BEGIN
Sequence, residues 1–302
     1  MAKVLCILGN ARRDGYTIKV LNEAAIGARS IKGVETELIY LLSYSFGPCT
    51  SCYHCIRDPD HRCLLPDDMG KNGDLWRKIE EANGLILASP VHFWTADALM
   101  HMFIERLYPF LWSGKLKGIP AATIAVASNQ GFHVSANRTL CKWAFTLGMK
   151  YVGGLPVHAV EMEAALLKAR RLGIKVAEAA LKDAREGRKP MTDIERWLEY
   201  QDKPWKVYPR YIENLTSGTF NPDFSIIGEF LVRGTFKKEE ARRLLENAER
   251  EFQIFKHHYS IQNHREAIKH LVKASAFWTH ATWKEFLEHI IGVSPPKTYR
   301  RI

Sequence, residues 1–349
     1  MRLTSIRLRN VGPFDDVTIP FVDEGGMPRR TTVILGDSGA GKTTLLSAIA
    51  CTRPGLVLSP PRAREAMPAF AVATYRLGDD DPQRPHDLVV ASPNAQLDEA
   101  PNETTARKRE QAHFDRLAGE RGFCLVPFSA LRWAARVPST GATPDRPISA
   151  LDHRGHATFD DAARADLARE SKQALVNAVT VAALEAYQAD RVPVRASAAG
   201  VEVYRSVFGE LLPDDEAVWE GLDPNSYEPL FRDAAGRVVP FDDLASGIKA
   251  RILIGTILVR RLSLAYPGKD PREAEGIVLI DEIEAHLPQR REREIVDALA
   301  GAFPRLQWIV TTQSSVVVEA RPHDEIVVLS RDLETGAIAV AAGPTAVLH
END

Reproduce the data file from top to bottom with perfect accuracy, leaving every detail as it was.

Sequence, residues 1–302
     1  MAKVLCILGN ARRDGYTIKV LNEAAIGARS IKGVETELIY LLSYSFGPCT
    51  SCYHCIRDPD HRCLLPDDMG KNGDLWRKIE EANGLILASP VHFWTADALM
   101  HMFIERLYPF LWSGKLKGIP AATIAVASNQ GFHVSANRTL CKWAFTLGMK
   151  YVGGLPVHAV EMEAALLKAR RLGIKVAEAA LKDAREGRKP MTDIERWLEY
   201  QDKPWKVYPR YIENLTSGTF NPDFSIIGEF LVRGTFKKEE ARRLLENAER
   251  EFQIFKHHYS IQNHREAIKH LVKASAFWTH ATWKEFLEHI IGVSPPKTYR
   301  RI

Sequence, residues 1–349
     1  MRLTSIRLRN VGPFDDVTIP FVDEGGMPRR TTVILGDSGA GKTTLLSAIA
    51  CTRPGLVLSP PRAREAMPAF AVATYRLGDD DPQRPHDLVV ASPNAQLDEA
   101  PNETTARKRE QAHFDRLAGE RGFCLVPFSA LRWAARVPST GATPDRPISA
   151  LDHRGHATFD DAARADLARE SKQALVNAVT VAALEAYQAD RVPVRASAAG
   201  VEVYRSVFGE LLPDDEAVWE GLDPNSYEPL FRDAAGRVVP FDDLASGIKA
   251  RILIGTILVR RLSLAYPGKD PREAEGIVLI DEIEAHLPQR REREIVDALA
   301  GAFPRLQWIV TTQSSVVVEA RPHDEIVVLS RDLETGAIAV AAGPTAVLH